A city-approved asphalt plant operation in the lower West Mendenhall Valley is meeting resistance from a half-dozen local residents. They filed an appeal of the Juneau Planning Commission's Oct. 13 conditional use permit for an asphalt plant that borders their residential neighborhood. The appeal was filed with the city clerk Thursday.
Montana Creek Development Inc.'s permit allows it to produce asphalt at the site from April through October, which left it 10 working days to operate before the end of last month.
The plant operated for three days before shutting down for the season, according to area resident Cindy Field. "We're not sure how big this (exhaust) plume is going to be or how much noise there's going to be. And there was nothing set up to monitor it," she said.
Area homeowner Tom Hanna could see two plumes, he said, "one going up 200 feet and another, dingy brown, going out further into the valley. And the noise radiates from there."
The plant's operation "will change forever what the neighborhood is like," Hanna said.
One city official did keep an eye on the plant during two of its three days of operation. Environmental Zoning Inspector Dan Garcia said he "went through the permit conditions with the operator and found they needed improvement."
According to the permit, a requirement of Montana Creek Development is that a permanent noise mitigation berm be installed "at least as high as noise-producing components and high enough to break line of sight to adjacent residents prior to operation."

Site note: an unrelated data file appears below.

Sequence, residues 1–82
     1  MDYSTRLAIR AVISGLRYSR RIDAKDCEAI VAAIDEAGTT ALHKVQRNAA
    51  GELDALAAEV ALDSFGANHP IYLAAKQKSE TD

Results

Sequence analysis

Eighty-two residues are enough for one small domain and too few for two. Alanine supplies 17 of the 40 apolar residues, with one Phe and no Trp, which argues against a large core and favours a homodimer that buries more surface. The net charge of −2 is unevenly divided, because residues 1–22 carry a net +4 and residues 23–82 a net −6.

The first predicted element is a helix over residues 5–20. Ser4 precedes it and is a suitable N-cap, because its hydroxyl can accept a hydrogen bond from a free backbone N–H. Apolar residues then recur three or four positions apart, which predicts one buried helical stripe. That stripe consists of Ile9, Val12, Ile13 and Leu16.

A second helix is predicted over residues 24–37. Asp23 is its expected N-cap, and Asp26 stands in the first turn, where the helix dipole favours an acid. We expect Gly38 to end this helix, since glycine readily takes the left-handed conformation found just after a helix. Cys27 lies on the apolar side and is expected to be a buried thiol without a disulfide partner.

But what the plant has isn't a berm, Garcia said. "They put a 40-foot container van and two big piles of feed stock in line with the van, along with a pile of junked cars."
Garcia's measurements with a sound meter showed levels above those permitted, he said.
Other observations included the "plume of steam," though the only criterion for acceptability is whether Juneau Airport authorities object to the plume's extent and opacity and ask the operation to shut down, Garcia said.
In their appeal, the six residents cited the potential negative impacts on public safety, human health, noise, air emissions, odors, traffic and water quality of the adjacent wetlands environment. They also took issue with the commission's grant of a 10-day permit without defining how the operation would be evaluated during the test period.
The appeal also cites a 1996 Alaska Supreme Court decision against the city for similarly permitting a project without adequate information prior to permit approval.
The appeal now goes to the assembly, which will decide whether to hear it. If it does, it will chose to hear the appeal itself or appoint a hearing officer, said City Clerk Laurie Sica.